Yorkville Recap

This past Sunday Auto|One Group participated in the Yorkville Auto Show. For those of you that were in attendance you already know how good the show was. For those of you that were preoccupied with fathers day’s festivities, cleaning your house or something equally lame this is a recap of what you missed:

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The day started out as a disaster. Lots of rain and the possibility of thunder storms threatened to cancel the entire event. Mother Nature thankfully thought of father time (it was that or father Christmas) and decided to grant us sunshine and dry pavement. By 11:30 the streets had dried and the party started. Auto|One Group was situated in the center of the action with a tent set up for fun! We had a raffle to give away a TV, auto racing inspired lounge chairs, a keg and offered 25% off our car-bar detailing services to all in attendance.

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We displayed a gorgeous 2011 Porsche Panamera GT TECH-ART edition. The car has $80,000 in upgrades and looks breathtaking to say the least. Visitors to the booth really appreciated our laid back attitude towards our cars. No velvet rope or fences. We invited people to get up close and personal with the car. Throughout the day we would start the car and let the exhaust play the music instead of the sound system. Our Porsche has the ability to raise the hair on just about everyone’s neck when it hits 5000 RPM.

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The cars were fantastic. We were situated between a row of classic and modified BMW’s to the west and a row of classic Corvettes to the East of us. Across from us was a melange of high end European exotics Mercedes SLS, Mclaren, Tesla were some of the automotive art sitting across from us. The Yorkville Exotic car show is great because you see the cars that made your childhood and adolescence exciting. Lamborghini Diablo? It was there. Porsche 930 tubo? Yep BMW M6 with the gold BBS honeycomb rims? You bet! 1958 corvette, ohya… the list of high classics is both extensive and long. It was like seeing all those sweet 70’s, 80’s and 90’s posters come together but without the teased hair or the acid washed jeans…

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The new cars could not be ignored. SlS AMGs, Lotus, Bentleys, vipers, Aston Martins, 911gt3s, Ferraris ect… They were all amazing and I thought many of them looked better with the water beading off of their wonderfully sculpted bodies than in the sunshine. Fortunately I was able to see them both wet and dry. You always picture these cars as trailer queens that only come out on the sunniest of days, and even then they are under an umbrella or something ridiculous.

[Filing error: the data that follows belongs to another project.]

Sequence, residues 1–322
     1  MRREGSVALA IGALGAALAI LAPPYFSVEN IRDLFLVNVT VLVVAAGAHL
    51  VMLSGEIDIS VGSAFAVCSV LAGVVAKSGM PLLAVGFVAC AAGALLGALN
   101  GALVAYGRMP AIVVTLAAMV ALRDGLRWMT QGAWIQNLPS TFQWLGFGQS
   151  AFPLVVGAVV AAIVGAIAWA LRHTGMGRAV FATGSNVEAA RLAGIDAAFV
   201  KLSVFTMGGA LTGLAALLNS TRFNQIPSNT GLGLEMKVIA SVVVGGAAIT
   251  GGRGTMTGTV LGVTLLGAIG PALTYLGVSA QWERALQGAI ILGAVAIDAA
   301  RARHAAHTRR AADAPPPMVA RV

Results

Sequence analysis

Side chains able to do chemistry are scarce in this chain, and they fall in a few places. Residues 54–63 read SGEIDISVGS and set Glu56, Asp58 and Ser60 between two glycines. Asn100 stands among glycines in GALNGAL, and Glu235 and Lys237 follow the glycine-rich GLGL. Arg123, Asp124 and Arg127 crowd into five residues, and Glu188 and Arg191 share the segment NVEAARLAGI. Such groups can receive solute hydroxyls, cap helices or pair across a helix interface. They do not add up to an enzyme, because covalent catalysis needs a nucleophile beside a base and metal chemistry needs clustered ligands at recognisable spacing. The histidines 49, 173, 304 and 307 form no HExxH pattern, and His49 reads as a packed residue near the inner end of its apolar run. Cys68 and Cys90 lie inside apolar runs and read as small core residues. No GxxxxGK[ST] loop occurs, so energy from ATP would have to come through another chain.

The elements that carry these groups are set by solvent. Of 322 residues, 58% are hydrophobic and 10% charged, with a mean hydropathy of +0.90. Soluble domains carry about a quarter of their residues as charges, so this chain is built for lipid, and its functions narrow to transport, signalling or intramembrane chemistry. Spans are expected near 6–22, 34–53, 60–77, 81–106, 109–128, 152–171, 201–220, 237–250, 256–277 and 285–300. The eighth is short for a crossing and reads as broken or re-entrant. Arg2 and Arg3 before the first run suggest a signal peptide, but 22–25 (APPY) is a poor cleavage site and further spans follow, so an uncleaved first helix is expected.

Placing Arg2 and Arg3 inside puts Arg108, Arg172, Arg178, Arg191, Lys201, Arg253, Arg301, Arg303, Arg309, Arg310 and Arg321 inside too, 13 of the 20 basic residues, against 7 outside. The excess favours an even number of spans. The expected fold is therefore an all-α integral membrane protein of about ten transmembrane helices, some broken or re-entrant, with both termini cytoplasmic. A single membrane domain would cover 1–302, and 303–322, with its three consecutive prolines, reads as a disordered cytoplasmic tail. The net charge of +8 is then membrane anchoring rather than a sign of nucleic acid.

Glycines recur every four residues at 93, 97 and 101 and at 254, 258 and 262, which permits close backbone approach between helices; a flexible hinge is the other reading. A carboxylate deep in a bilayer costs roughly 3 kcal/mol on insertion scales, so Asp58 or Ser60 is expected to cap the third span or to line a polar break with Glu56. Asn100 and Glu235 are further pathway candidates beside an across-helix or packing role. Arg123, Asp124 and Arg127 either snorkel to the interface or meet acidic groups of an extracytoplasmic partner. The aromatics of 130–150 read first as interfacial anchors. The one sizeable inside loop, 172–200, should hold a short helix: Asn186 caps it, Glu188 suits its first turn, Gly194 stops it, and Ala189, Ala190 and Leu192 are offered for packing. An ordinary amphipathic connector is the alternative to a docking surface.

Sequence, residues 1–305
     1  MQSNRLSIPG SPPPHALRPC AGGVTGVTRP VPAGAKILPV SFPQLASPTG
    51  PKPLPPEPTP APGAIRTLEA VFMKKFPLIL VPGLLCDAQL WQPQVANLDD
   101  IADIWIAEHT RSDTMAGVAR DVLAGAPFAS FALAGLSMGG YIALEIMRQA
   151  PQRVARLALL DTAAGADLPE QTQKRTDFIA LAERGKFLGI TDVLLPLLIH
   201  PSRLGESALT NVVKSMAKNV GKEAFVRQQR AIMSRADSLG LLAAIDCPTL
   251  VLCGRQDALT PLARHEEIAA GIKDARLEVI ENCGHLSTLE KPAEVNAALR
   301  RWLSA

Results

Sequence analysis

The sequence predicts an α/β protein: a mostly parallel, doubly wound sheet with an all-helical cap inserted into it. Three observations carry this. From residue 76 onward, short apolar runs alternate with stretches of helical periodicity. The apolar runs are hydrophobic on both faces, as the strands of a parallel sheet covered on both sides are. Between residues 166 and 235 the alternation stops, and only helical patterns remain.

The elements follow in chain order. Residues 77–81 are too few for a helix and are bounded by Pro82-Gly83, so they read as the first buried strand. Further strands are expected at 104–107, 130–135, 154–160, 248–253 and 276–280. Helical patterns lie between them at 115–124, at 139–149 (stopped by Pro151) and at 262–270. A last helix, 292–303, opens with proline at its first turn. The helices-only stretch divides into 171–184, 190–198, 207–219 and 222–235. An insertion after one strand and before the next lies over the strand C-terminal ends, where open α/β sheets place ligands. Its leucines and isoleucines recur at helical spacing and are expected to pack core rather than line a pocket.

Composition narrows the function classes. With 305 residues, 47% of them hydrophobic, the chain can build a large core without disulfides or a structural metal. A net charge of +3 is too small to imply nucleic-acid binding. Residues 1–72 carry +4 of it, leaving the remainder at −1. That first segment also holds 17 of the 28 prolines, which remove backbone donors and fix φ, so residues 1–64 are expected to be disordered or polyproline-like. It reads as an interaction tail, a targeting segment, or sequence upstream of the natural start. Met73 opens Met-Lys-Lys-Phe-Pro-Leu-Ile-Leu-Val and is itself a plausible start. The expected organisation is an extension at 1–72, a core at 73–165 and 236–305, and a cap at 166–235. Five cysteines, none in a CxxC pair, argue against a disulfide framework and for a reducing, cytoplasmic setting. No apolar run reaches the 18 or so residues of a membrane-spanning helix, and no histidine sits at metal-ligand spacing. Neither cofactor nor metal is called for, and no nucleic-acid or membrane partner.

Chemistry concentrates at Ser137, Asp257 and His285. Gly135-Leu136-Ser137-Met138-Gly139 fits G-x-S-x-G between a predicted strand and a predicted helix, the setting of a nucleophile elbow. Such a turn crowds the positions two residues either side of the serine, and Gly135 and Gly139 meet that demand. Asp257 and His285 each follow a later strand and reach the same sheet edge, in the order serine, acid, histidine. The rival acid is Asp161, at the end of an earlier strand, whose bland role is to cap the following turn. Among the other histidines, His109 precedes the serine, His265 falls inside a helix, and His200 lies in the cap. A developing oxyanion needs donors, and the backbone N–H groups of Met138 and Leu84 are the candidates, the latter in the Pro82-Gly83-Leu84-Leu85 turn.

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Auto|One Group definitely had one of the best booths on display. We had all sorts of contests including a blackjack table, video game hooked up so that people could race their favorite cars and wicked music. Not to mention candy and drinks for attendees. We love to put on a party. When we can do it and get the community involved we are elated.

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Whats next for us? Markham Ribfest! Join us July 5th– 7th at Markham City Hall! Join us as we bring two important things together at last. Horsepower and Meat together at last.

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Grand Prix Montreal

 

Wow, formula one was a dusey this year. Grand Prix Montreal is usually known for its unpredictable weather and this year did not disappoint. Friday’s testing of the cars was mixed precipitation and somewhat slippery. Saturdays qualifying was off and on rain and left the track quite wet. Well trained eyes could see the rooster tails coming off of the massive tires. Sunday brought mixed sun/clouds and it was beautiful. Sunday was not too hot, no humidity and the sun would come in and out of the clouds- perfect for racing. It forced drivers to bring there A game and pay attention for the entire weekend.

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Vettel cleaned up shop and got 25 points in the process. The fun was not in watching who took pole position, Vettel had it on lock from the pole position where he started. The fun was in watching the likes of Alonso start from a 6th place pole position and claw his way up to second place, beating Lewis Hamilton in the process. Hamilton had a good race but the 3-time Canadian GP winner could not keep up as he had chosen tires poorly. Hamilton was somewhat favored to win, as he has done so well at this track in the past.